Are you wondering what a bolo punch in boxing and MMA is?
In this article, we’ll look at what a bolo punch in boxing and MMA is, who invented the bolo punch, the history of the bolo punch, how to throw a bolo punch, whether a bolo punch is effective in MMA, and more.
What Is a Bolo Punch In Boxing/MMA?
A bolo punch in boxing/MMA is an unorthodox looping uppercut thrown with a wide circular wind-up and a whipping motion from hip height.
The motion of a bolo punch imitates the technique Filipino farmers used to cut sugarcane using a bolo (machete) knife, and is also similar to the looping, whipping motion used to skim a stone.
Who Invented the Bolo Punch?
Ceferino Garcia is credited with inventing the bolo punch in the late 1920s and introducing it to western boxing. Ceferino Garcia was a Filipino boxing champion who remains the boxer with the most wins in his country’s history and the only Filipino to become a middleweight boxing champion in America.
Ceferino Garcia learned the technique during his time spent cutting sugarcane with the bolo knife and further refined it when training in panantukan.
While Ceferino Garcia is widely credited with inventing the bolo punch, others claim Macario Flores to be the inventor, another Filipino boxer who used the bolo punch in 1924.
Who Invented the Bolo Punch?
While Ceferino Garcia and Macario Flores (less so) are credited as the inventors of the bolo punch, the technique was used before them in street fights by Filipino gangs.
These Filipino gangs took the bolo punch technique from the commonly used motion of swinging a bolo knife (machete) to cut sugarcane and reap the harvest. The bolo punch was then integrated into panantukan, a style of Filipino boxing style intended for street fighting.
The bolo punch then made its way to American boxing after many Filipinos emigrated to America as a result of the Spanish-American war (1898) and America occupying the Philippine Islands.
While many Filipinos continued working on American farms, some started competing in boxing because they could earn a lot more. This is how the bolo punch became more common in western boxing, and how the famous Filipino boxer Ceferino Garcia became credited with the invention of the bolo punch.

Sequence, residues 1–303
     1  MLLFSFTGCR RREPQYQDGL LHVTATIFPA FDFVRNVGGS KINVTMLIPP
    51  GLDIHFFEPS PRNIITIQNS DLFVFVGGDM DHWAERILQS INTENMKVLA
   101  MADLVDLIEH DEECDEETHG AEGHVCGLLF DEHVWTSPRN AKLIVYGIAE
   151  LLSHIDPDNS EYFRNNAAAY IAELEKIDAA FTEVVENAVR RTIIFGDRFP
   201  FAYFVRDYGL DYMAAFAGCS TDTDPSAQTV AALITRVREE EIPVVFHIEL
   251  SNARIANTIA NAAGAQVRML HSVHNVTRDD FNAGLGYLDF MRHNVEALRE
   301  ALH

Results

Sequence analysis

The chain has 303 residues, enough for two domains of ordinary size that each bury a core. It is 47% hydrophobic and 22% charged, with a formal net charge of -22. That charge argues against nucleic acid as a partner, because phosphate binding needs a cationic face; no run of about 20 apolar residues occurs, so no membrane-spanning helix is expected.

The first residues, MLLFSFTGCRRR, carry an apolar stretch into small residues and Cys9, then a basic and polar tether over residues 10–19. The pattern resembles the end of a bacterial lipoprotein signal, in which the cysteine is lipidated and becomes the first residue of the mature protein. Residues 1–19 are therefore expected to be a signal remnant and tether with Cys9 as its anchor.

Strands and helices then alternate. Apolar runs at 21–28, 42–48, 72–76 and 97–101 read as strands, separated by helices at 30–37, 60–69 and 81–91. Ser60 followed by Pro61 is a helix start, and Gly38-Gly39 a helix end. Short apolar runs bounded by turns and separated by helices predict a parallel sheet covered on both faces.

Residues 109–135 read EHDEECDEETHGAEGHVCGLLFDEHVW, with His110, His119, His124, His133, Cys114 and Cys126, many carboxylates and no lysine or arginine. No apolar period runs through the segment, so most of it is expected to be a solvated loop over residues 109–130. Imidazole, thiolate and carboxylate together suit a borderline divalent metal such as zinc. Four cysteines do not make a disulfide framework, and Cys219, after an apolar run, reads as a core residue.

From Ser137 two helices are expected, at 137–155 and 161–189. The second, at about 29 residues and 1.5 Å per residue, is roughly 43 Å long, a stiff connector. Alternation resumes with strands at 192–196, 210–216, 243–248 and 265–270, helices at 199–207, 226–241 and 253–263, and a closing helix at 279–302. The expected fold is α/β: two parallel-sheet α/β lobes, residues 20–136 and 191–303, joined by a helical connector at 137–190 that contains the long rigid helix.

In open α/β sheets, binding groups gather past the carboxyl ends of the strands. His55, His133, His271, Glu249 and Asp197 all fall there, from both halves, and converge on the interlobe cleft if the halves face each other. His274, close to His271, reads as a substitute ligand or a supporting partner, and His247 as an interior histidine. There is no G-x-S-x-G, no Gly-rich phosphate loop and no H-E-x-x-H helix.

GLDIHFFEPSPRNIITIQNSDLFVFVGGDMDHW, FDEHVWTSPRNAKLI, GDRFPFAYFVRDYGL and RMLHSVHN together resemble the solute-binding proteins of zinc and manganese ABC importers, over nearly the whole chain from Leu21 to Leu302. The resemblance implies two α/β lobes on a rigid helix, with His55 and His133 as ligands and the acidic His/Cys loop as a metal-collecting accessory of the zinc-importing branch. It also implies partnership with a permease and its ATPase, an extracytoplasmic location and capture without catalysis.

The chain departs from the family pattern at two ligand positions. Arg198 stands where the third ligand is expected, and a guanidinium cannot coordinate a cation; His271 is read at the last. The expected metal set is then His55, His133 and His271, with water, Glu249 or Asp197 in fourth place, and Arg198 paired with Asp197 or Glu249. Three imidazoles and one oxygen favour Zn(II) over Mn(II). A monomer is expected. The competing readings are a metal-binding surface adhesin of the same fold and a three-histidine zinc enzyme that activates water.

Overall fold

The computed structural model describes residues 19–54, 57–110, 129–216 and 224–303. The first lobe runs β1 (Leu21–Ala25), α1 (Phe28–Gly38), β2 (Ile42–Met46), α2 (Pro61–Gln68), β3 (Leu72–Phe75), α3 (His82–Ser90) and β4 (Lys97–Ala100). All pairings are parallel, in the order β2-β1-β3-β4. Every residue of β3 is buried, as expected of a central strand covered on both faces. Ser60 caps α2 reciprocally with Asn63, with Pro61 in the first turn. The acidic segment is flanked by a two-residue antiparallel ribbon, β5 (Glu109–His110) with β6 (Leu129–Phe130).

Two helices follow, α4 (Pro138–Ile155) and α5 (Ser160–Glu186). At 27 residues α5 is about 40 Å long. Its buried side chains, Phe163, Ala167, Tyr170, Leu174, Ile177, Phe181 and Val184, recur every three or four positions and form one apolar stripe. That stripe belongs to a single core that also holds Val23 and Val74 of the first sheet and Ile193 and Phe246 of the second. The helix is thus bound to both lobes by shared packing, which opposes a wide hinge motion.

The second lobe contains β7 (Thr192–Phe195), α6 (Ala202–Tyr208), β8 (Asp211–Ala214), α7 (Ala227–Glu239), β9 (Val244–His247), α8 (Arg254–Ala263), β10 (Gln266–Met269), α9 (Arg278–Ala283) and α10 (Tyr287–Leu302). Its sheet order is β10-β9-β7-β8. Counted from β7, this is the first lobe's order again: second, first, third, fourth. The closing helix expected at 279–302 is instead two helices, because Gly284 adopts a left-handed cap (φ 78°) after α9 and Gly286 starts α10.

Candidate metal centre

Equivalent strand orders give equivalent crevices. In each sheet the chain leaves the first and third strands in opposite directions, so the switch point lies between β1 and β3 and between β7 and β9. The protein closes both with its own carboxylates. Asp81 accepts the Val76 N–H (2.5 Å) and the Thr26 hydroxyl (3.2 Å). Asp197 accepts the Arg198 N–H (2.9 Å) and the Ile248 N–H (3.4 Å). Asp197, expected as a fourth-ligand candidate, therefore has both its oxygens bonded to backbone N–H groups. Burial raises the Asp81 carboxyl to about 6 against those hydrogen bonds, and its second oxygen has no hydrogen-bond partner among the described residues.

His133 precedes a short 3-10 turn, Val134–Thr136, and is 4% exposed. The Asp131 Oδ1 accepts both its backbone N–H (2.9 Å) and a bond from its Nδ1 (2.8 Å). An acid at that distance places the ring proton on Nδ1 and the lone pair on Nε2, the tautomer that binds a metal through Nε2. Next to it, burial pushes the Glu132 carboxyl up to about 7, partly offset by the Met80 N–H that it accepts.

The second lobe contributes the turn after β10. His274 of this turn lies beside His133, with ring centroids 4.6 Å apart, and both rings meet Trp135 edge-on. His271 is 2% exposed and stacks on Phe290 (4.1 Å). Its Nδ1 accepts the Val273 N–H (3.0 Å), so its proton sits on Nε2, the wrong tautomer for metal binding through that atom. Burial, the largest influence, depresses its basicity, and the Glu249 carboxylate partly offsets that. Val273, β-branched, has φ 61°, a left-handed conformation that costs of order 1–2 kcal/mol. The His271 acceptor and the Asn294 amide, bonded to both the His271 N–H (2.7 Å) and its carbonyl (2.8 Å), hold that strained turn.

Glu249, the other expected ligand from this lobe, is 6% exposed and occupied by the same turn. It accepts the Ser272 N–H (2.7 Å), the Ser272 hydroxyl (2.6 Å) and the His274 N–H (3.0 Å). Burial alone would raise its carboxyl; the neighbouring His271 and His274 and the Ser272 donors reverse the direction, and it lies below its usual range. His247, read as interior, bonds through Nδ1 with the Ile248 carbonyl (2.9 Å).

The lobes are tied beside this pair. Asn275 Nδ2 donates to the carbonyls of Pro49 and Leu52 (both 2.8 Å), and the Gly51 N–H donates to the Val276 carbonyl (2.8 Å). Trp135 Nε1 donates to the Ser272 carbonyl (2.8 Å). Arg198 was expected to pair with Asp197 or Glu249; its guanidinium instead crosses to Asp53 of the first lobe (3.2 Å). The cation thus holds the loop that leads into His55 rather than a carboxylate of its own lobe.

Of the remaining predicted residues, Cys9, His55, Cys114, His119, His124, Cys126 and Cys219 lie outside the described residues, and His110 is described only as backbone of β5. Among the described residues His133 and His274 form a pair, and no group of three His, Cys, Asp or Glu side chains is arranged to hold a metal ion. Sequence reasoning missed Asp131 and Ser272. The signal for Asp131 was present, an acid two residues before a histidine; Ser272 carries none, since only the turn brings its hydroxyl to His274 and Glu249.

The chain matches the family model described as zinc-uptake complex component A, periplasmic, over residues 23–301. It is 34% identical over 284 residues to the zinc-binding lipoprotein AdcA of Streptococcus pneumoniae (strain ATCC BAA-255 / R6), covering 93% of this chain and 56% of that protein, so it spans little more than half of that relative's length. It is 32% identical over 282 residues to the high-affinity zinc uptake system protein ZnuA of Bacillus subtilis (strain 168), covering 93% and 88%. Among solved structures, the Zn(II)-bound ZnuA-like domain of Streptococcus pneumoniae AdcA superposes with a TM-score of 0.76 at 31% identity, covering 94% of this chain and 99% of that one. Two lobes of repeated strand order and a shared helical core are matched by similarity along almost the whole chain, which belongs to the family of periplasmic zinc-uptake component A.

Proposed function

How To Throw a Bolo Punch
Here’s how to throw a bolo punch step by step.
- From a neutral position, rotate the rear hand clockwise from 12 to 5
- The arm and elbow should be kept close to the body and the forearm should be doing the rotating (but for a more powerful bolo punch the whole arm can rotate out lead by the elbow)
- Pivot on the rear leg
- Depending on the desired angle (4-6 on a clock), whip the arm up and connect with the fist to the body or chin
- Keep the lead hand high for blocking
- Follow through for maximum power and the possibility to block any counters at the end of the punch
Here’s a short video showing how to throw the bolo punch.
Is a Bolo Punch Effective in MMA?
Some see the bolo punch as a form of showboating (which it is if only using the wind-up at range), but the bolo punch is very effective in MMA for 5 reasons.
1. The most powerful uppercut
A bolo punch is the most powerful uppercut variation, so if it connects it can be very damaging to the opponent. It’s one of the best strikes to the liver because of the power it can generate.
Bolo punches are a very uncommon technique, so if timed well, they can catch an opponent off guard – and the strikes an opponent doesn’t see are often the ones that knock them out. Combined with the power of a bolo punch, they can easily knock out an opponent.
Making them even more unpredictable is using them in combinations where they’re not ordinarily used. For example, the jab-cross-bolo works because most often fighters attempt a hook after a jab-cross. As they expect a high hook, their defense is high and a bolo punch to the body is open and to the chin.
3. Used as a fake or feint
The wind-up of a bolo punch with the rear hand is very effective in distracting an opponent to then land a quick sharp jab with the lead.
The bolo punch is also effective as a hook-feint, as the start of the motion can be made to look like a hook is being loaded. From here, quickly whip up to land a powerful and unsuspected bolo punch.
This works best when an opponent has been conditioned to look for a high hook by repeatedly throwing them. As they’re expecting a high hook, the opponent will often have a high guard, which leaves them open to a bolo punch to the chin and especially the body.
4. Great counter and defense against takedowns
The bolo punch is a wonderful counter technique against onrushing opponents as you can step back and/or slip a shot and throw a bolo punch under their strike, which they’re rushing into with momentum and a large weight transfer.